Enescu Concerts Series 2016/17 – Ioanna Bentoiu (soprano, above) and Lena Vieru Conta (piano)
Romanian Cultural Institute, London; Friday 7th April, 2017
Schumann Frauenliebe und Leben Op.42 (1840)
Bentoiu Eminesciana II, Op.8 (1958)
Enescu Sept Chansons de Clément Marot, Op.15 (1908)
The death – in February last year – of Pascal Bentoiu robbed Romania of its finest composer after Enescu, as well as a musicologist and cultural polymath of stature. Save for a broadcast performance of his comic opera Doctor Cupid in 1969, little of his music has been performed in the UK – making this recital and talk at London’s Romanian Cultural Institute a welcome redress. The talk, given by this author and musicologist Mihai Coma, provided a context for three song-cycles given by Bentoiu’s daughter Ioanna and regular pianist Lena Vieru Conta.
Schumann’s Frauenliebe und Leben was evidently Bentoiu’s favourite lieder cycle and while the overt sentiment of Adelbert von Chamisso’s verse may now seem cloying, the symphonic integration achieved during this telling of a relationship from the female perspective retains its innovatory impulse. Taking care to convey this sequence as a formal and cohesive totality, Bentoiu and Conta were yet mindful of the subtly varying emotional nuance between each ‘movement’ and that sense of resigned fulfilment such as permeates the touching final song.
Although orchestral work latterly came to dominate Bentoiu’s creativity, his output of around 30 songs is a significant and no less typical facet of his composing. The three sonnets which comprise Eminesciana II finds him marshalling the ardent rhetoric and imaginative flights of fancy in which Mihai Eminescu writing abounds. No less distinctive are the piano interludes that not only connect these three settings but also point up musical as well as semantic links between them. Clearly, they need to be explored in the context of the wider song tradition.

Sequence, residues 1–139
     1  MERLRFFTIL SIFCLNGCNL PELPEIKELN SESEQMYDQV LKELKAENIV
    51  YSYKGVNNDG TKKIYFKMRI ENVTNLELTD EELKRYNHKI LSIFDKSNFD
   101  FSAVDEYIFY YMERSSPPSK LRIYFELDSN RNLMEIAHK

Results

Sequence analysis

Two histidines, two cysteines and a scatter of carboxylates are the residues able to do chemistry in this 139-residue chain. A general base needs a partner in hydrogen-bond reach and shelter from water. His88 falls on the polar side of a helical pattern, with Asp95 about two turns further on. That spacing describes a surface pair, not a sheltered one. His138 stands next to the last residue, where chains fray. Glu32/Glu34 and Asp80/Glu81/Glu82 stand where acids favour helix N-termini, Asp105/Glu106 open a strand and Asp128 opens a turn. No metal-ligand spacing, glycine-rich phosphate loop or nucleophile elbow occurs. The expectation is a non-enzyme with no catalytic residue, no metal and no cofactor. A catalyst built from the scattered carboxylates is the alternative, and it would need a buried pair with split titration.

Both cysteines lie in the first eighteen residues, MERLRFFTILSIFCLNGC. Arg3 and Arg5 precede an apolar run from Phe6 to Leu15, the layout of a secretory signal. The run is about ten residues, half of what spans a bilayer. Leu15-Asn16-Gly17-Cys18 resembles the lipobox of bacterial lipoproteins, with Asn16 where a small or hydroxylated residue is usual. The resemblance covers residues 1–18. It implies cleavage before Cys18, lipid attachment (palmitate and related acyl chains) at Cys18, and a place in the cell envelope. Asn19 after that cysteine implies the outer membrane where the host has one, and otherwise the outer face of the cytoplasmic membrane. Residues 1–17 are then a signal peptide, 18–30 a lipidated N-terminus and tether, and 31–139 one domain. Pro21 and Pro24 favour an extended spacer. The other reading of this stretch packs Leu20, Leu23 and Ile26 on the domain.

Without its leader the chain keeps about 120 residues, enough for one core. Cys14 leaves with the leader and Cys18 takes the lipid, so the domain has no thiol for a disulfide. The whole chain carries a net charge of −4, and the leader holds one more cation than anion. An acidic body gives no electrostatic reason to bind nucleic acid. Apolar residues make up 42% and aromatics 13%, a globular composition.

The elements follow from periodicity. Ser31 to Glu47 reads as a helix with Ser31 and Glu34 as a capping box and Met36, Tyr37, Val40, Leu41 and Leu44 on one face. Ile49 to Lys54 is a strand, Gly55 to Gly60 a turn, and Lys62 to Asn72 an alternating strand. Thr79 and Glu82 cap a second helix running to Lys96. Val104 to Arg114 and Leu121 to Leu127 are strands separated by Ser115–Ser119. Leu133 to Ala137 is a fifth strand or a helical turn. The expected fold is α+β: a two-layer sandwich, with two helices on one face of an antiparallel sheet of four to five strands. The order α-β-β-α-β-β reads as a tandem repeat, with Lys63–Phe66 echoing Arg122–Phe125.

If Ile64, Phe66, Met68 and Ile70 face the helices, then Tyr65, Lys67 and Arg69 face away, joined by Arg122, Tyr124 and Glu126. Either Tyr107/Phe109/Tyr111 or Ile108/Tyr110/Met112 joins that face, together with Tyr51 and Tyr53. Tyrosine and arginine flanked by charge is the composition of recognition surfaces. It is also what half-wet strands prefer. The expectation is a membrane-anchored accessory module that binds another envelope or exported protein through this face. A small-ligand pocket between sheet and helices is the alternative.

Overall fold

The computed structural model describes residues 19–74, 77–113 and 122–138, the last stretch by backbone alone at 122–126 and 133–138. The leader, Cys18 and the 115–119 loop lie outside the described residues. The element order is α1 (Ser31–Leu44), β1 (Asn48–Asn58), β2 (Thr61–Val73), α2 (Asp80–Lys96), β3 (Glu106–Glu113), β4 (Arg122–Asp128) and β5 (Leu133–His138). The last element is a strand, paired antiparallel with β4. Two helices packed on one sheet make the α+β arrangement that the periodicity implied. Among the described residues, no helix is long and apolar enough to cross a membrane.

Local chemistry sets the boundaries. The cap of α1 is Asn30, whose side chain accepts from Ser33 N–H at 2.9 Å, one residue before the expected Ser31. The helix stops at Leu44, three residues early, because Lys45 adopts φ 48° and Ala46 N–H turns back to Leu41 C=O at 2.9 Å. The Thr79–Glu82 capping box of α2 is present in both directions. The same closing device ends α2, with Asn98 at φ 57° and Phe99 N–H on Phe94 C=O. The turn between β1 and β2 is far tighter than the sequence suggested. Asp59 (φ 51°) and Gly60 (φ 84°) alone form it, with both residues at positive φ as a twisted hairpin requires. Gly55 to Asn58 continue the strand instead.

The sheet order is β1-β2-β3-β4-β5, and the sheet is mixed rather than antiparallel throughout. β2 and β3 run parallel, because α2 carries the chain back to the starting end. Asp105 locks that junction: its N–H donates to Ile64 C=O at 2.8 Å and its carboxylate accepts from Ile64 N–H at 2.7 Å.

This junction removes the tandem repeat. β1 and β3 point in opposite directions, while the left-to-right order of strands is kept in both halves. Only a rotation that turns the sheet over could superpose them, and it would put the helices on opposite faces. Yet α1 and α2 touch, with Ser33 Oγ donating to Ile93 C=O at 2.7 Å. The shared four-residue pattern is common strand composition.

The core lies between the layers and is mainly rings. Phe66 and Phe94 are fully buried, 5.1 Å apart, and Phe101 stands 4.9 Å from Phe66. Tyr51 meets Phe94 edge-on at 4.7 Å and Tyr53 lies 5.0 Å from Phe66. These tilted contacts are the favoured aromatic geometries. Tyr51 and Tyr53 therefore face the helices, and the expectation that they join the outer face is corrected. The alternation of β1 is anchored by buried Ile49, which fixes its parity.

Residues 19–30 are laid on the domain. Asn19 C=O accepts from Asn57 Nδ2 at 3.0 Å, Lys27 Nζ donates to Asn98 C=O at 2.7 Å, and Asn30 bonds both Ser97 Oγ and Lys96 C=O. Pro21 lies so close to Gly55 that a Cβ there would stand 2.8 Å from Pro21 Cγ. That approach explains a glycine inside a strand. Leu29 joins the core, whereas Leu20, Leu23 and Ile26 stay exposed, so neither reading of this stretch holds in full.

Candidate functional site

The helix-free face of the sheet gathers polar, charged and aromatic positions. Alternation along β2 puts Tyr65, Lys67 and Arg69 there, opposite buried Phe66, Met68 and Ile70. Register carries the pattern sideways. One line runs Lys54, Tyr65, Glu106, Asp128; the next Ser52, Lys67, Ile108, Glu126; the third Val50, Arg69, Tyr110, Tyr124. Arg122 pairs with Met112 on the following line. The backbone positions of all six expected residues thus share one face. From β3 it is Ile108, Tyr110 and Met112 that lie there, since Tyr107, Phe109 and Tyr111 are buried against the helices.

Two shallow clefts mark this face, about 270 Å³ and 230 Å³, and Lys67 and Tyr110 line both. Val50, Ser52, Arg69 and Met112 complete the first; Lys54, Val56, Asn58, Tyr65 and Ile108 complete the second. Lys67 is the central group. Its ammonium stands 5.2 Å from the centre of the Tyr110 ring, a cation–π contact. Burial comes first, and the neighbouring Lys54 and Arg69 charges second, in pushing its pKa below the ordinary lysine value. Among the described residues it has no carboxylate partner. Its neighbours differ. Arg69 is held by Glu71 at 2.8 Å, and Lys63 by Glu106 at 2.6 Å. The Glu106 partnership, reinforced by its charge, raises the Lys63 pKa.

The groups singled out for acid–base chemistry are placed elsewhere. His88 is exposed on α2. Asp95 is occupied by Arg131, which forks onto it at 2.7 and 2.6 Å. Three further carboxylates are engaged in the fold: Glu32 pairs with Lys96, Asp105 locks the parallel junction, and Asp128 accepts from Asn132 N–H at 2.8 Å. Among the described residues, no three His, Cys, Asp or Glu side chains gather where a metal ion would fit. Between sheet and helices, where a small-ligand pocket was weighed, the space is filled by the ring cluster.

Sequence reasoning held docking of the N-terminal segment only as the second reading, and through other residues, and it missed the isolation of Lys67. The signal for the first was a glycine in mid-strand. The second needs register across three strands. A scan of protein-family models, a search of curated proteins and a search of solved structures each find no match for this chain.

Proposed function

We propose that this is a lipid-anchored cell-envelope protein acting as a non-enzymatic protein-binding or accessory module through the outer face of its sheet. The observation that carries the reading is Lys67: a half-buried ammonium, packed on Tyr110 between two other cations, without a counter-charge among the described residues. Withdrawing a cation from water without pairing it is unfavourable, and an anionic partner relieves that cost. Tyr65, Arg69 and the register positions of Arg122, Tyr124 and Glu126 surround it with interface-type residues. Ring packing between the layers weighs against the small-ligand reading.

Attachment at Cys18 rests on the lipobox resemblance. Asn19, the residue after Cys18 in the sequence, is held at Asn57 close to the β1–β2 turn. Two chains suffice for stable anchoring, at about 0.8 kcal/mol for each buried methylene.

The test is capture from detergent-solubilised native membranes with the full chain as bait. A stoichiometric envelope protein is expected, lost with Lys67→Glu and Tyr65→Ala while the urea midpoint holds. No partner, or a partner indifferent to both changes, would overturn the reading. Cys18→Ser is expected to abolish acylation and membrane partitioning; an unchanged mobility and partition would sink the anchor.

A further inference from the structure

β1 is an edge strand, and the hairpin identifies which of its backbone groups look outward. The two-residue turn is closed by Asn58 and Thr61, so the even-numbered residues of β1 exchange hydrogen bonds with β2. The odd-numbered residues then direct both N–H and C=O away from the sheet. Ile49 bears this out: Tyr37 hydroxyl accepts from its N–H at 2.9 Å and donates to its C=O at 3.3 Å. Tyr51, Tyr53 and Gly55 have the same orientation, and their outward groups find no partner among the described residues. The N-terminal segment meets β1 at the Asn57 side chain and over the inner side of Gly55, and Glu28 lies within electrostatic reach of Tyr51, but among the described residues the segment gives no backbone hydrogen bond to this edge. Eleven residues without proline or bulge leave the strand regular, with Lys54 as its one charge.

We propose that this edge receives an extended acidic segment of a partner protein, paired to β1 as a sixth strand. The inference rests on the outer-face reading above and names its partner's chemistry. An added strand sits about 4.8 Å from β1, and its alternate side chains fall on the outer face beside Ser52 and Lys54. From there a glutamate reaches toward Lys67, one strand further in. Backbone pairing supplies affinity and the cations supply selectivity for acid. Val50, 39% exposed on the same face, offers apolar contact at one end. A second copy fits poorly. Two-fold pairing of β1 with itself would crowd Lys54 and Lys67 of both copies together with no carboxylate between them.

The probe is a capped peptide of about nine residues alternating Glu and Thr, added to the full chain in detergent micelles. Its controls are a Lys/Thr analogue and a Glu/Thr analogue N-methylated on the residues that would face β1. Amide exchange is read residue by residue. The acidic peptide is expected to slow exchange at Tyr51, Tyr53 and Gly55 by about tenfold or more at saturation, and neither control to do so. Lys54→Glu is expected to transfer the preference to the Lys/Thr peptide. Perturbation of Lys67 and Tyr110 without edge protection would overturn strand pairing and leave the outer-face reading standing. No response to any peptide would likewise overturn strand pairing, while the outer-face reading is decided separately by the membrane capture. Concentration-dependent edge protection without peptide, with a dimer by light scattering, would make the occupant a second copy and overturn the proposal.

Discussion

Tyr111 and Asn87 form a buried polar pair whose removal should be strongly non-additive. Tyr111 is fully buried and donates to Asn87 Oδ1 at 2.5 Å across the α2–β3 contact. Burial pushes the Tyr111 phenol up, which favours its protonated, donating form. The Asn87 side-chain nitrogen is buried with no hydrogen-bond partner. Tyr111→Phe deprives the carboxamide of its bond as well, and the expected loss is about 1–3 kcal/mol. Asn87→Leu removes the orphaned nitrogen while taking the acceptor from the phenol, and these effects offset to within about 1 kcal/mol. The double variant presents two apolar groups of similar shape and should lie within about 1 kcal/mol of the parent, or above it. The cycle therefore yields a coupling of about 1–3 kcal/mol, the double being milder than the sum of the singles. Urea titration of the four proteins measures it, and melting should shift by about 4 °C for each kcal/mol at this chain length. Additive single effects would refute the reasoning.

For their final offering, Bentoiu and Conta turned to Enescu, and the best known of his song collections. Modest in dimension yet abounding in pointers to the music of his maturity, the Sept Chansons de Clément Marot (of which Bentoiu latterly made an insightful arrangement for chamber orchestra) ranges from ribald humour to searching pathos; the formalized texts yielding an emotional acuity that was tangibly realized by singer and pianist. Enescu, as with Bentoiu after him, was nothing if not penetrating as to his insights into the human condition.
The evening was enhanced by photographic exhibition Pascal Bentoiu: His Life and Works, as curated by Irina Niţu and produced by the George Enescu National Museum in Bucharest. This is at the Romanian Cultural Institute until April 27th, then in part at St James’s Church, Sussex Gardens on Saturday 29th April at a concert by the Oberon Symphony Orchestra and Samuel Draper which includes the UK premiere of Enescu’s Fourth Symphony – completion of whose orchestration was among the most significant of Pascal Bentoiu’s later endeavours.
For further details on the Oberon Symphony Orchestra’s forthcoming concert of the Fourth Symphony, head to their website